The Reality Of The Rest Of Draghi's 'Believe-Me' Speech

Tyler Durden's picture

While it is probably not surprising that so many decided to focus on those few words of relevance to an implicitly self-aggrandizing crowd of long-only risk-takers and commission-makers; the truth is that, as UBS notes, "Draghi was stating a fact, not changing a policy". Putting the fateful sentence in the context of the rest of his speech/interview is critical and most importantly, we agree with UBS' Justin Knight's opinion that Draghi did nothing more than make a technical observation on an impairment in monetary policy transmission (as we discussed here). Regardless, if our interpretation is correct, then the rally in peripheral bonds should unwind quickly. The size of the move probably has knocked many shorts out of the market.


Justin Knight, UBS: Mr. Draghi was Stating a Fact, not Changing Policy

Peripheral bond markets rallied sharply on a single sentence uttered by Mario Draghi in an interview with Bloomberg on Thursday. When read in isolation, the sentence appears to indicate a change in policy in which the ECB would begin targeting peripheral yields. However, it is important to put the fateful sentence in the context of Mr. Draghi’s overall remarks. Thus, in our opinion he was doing nothing more than making a technical observation on an impairment in monetary policy transmission.

The sentence in question is:

“To the extent that the size of these sovereign premia hamper the functioning of the monetary policy transmission channels, they come within our mandate”

This implies, perhaps strongly, that the ECB’s mandate includes bringing yields to levels where they do not hamper policy transmission and then keeping yields there. However, this interpretation does not fit either with the context of the rest of his interview, or with previous equally strong statements to the contrary. Indeed, it does not mesh with the current institutional framework in Europe.

Mr. Draghi immediately followed the above remark with

“So we'll have to cope with this financial fragmentation, addressing these issues”.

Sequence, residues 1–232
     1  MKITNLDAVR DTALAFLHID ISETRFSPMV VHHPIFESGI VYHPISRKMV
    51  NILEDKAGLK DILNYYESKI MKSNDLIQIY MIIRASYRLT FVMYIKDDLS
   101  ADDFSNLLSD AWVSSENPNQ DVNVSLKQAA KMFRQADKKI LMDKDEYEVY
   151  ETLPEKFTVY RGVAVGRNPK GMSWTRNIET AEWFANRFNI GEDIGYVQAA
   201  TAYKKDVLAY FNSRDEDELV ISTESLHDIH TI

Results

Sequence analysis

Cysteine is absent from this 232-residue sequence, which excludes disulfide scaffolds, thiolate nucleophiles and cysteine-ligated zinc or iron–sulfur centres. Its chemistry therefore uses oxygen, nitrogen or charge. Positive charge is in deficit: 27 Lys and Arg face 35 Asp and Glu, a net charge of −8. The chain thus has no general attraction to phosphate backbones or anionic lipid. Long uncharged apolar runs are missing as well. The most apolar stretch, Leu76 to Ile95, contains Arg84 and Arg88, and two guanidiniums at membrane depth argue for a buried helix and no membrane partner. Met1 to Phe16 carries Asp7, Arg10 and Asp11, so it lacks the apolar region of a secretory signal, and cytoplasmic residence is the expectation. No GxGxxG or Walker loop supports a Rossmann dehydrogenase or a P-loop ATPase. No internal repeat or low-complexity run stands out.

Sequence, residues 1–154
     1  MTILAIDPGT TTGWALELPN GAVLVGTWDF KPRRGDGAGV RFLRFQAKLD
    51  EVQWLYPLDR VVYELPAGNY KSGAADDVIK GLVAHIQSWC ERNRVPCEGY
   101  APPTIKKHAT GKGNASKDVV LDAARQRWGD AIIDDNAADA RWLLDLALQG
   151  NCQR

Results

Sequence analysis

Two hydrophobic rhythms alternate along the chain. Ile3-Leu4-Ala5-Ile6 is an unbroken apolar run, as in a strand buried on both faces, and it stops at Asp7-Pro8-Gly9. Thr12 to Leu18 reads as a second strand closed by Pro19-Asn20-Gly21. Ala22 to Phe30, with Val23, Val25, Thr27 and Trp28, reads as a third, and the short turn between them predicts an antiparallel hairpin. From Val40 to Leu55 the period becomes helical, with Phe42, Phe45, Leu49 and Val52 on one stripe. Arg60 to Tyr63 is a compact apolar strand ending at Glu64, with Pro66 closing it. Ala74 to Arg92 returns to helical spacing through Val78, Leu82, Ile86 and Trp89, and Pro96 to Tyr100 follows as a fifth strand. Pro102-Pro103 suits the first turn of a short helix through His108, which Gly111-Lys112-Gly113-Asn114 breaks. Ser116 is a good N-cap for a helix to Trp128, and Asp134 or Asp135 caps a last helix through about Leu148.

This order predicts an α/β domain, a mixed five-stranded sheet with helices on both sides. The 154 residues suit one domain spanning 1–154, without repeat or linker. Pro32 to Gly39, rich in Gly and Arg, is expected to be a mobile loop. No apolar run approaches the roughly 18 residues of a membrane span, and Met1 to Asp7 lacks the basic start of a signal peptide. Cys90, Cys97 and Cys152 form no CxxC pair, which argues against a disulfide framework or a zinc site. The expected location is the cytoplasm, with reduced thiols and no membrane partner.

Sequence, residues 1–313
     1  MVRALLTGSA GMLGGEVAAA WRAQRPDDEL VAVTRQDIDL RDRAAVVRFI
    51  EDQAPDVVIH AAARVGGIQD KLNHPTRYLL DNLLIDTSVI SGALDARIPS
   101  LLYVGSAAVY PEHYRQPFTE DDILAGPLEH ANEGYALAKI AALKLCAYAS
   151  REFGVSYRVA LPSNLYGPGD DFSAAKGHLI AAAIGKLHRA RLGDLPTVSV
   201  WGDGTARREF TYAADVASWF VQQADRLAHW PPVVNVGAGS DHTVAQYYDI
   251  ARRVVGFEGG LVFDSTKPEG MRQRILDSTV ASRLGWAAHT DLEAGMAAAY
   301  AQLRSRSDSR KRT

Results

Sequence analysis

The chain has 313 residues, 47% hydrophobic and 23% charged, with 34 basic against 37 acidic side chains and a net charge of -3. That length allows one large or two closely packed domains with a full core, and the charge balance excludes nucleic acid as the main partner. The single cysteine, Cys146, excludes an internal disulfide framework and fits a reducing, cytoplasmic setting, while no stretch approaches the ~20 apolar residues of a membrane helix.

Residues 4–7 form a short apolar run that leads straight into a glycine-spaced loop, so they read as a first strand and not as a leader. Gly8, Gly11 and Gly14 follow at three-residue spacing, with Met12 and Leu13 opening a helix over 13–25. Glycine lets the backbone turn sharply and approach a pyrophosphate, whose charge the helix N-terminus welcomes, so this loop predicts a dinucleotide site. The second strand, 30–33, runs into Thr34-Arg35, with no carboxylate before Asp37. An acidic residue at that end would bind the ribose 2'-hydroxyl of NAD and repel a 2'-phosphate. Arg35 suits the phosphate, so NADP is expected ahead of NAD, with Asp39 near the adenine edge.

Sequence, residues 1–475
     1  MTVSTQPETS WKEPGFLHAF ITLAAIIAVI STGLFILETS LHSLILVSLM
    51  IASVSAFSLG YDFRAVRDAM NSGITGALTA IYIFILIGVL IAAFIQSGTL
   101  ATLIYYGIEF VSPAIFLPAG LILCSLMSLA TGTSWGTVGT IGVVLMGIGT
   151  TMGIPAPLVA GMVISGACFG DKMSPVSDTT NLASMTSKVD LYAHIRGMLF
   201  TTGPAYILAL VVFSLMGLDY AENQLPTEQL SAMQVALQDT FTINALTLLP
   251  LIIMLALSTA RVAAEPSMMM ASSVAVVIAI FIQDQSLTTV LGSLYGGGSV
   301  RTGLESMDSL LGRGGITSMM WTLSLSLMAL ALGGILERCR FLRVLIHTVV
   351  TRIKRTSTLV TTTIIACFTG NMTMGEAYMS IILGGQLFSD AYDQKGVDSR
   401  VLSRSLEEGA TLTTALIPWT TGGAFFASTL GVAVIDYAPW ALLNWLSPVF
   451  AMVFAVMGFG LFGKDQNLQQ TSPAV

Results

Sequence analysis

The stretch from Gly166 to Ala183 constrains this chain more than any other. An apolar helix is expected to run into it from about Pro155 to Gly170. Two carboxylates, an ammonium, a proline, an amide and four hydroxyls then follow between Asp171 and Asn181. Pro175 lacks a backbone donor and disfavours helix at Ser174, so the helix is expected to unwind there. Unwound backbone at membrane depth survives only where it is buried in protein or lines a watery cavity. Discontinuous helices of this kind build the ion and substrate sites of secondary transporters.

Financial fragmentation – the fact that some banks have better access to market liquidity than others ? is the subject of this section of his speech. This sentence suggests that the policy response should be aimed more directly at financial fragmentation directly rather than peripheral yields per se. Put another way, it seems to us that he was simply stating that elevated sovereign risk premia impair the transmission of monetary policy as they raise the cost of bank borrowing (and therefore of lending). In the last ECB press conference, Mr. Draghi stated the favoured policy response to fragmentation:

“But in a highly fragmented situation, when a bank is short of funding, they only can go to the ECB. And if the bank is solvent, the ECB stands ready to provide all the liquidity they need. That is important. We should not forget that. I have been saying this on and on and on since the beginning. The ECB is providing liquidity and will keep all liquidity lines open to solvent banks.”

As policy, this is a far cry from the market’s interpretation du jour. Mr Draghi has been vocal about the ECB’s inability to target peripheral yields. In December he referenced the need to respect the spirit of the rules on monetary financing laid out in the Treaty. In the July press conference he also said:

“With regard to the ECB, I have said on numerous occasions that we are certainly supporting the euro area economy by achieving our objective of price stability in the medium term, and we want to act within the limits of our mandate. I don’t think there is anything to gain by asking the institution to act outside the limits of its mandate, thereby destroying its credibility”

Taking these statements together, it appears to us that the ECB already is addressing financial fragmentation. The Bank is providing unlimited liquidity to banks at the policy rate, and has proven quite willing to adjust its collateral requirements.

More broadly, it seems evident that the ECB does not have a mandate to create the informal fiscal transfer union that a cap on peripheral yields would ultimately imply. The fiscal authorities could provide that mandate. However, from our layman’s perch they seem relatively unconcerned with recent market developments. Furthermore, Article 123 of the EU Treaty, which prohibits monetising debt, has its origins in German economic thinking on the hyperinflation of the early 1920s. Therefore, it is very unlikely to be compromised easily.